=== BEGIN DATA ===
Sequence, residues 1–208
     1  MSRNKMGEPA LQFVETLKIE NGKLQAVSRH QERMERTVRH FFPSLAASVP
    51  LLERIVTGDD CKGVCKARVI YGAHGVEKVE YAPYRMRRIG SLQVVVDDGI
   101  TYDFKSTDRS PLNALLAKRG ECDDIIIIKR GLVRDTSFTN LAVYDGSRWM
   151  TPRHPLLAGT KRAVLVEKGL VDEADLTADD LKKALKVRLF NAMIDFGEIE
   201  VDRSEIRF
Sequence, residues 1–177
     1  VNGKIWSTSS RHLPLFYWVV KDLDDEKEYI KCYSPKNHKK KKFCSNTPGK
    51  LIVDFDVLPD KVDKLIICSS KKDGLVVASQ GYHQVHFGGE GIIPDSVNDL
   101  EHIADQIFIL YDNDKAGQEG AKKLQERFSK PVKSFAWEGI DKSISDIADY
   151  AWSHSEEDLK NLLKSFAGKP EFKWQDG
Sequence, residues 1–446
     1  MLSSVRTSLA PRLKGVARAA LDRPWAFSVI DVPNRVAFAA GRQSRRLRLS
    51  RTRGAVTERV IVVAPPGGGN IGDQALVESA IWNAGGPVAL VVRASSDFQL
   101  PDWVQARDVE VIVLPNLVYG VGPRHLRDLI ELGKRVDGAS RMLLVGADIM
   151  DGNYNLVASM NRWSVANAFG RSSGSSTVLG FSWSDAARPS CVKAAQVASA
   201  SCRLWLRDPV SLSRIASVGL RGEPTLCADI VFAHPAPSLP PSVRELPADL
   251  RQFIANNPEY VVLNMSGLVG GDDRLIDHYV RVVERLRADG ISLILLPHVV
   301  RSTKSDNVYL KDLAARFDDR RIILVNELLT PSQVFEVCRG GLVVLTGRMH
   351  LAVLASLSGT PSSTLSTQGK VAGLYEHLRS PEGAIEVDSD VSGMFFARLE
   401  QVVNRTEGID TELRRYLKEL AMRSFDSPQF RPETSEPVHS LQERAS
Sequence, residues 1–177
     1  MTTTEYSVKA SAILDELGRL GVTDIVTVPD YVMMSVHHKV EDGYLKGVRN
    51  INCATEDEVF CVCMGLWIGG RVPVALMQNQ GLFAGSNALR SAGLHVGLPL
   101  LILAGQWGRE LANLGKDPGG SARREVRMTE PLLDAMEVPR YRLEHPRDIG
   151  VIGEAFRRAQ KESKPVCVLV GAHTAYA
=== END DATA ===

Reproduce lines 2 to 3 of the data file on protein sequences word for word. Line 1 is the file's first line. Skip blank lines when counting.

     1  MSRNKMGEPA LQFVETLKIE NGKLQAVSRH QERMERTVRH FFPSLAASVP
    51  LLERIVTGDD CKGVCKARVI YGAHGVEKVE YAPYRMRRIG SLQVVVDDGI